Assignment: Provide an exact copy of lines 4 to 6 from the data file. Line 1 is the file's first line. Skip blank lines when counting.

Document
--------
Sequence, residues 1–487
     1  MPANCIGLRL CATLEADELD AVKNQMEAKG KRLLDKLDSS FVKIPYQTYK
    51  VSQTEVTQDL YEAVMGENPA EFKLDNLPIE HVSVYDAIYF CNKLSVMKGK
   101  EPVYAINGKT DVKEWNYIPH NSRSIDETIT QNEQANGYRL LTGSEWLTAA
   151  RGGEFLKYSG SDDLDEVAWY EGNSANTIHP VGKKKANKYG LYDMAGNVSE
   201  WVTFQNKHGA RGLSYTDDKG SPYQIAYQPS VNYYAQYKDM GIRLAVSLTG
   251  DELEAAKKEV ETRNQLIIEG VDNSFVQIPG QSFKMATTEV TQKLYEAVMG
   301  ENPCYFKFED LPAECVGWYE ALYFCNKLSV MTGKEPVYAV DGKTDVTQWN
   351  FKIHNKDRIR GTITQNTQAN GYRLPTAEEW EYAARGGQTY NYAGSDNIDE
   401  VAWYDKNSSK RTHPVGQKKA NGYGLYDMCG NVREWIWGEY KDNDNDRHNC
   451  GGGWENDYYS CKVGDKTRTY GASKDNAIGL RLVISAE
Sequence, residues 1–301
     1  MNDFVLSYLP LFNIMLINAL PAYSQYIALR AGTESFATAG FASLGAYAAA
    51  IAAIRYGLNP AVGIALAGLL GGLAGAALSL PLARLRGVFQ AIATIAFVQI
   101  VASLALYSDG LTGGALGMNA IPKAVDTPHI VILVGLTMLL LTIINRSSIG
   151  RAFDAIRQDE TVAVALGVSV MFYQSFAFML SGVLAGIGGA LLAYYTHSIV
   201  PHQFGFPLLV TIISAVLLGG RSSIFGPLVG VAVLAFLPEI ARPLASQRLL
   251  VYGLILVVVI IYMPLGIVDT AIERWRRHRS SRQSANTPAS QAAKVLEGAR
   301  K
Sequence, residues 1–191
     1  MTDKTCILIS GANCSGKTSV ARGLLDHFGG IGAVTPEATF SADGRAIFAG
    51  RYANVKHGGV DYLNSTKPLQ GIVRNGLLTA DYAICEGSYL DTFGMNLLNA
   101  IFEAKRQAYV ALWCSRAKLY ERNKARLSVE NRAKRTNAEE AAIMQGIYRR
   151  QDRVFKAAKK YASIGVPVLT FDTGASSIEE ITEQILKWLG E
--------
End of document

   101  EPVYAINGKT DVKEWNYIPH NSRSIDETIT QNEQANGYRL LTGSEWLTAA
   151  RGGEFLKYSG SDDLDEVAWY EGNSANTIHP VGKKKANKYG LYDMAGNVSE
   201  WVTFQNKHGA RGLSYTDDKG SPYQIAYQPS VNYYAQYKDM GIRLAVSLTG